Mary and William Dyer: Quaker Light and Puritan Ambition
Am making progress again and aiming to have the book out by the end of September. Two years ago I had a contract with a university publisher, but asked to be released. I now have better editorial control, own my intellectual property, and might even make a few dollars towards another research trip to England.
Mary Dyer’s story has been difficult to tell because the surviving records are sparse: there are long periods where she is lost from sight, and there is much that remains unknown about her. Nevertheless, this biography uncovers new material about Dyer, her husband, and their associates from a variety of little explored or previously unexplored sources.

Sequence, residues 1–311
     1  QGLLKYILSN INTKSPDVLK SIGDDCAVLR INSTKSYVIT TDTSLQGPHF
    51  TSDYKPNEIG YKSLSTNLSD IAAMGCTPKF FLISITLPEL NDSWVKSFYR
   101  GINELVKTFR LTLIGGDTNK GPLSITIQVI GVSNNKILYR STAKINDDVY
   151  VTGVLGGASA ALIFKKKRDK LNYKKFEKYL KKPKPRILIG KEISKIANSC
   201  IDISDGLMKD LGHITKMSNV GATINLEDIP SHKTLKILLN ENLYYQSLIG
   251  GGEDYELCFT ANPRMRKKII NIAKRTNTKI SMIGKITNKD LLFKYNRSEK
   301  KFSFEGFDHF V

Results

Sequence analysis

It’s been a long haul and I am profoundly grateful for the many folks who have offered encouragement, support, and insight along the way. Special thanks to Jeremy Brecher, Beth Powning, David Hall, Larry Ingle, Francis Bremer, and the second, anonymous reader for the former university press. Mary Dyer was hanged in Boston in 1660 for civil disobedience and her husband held important offices in early Rhode Island.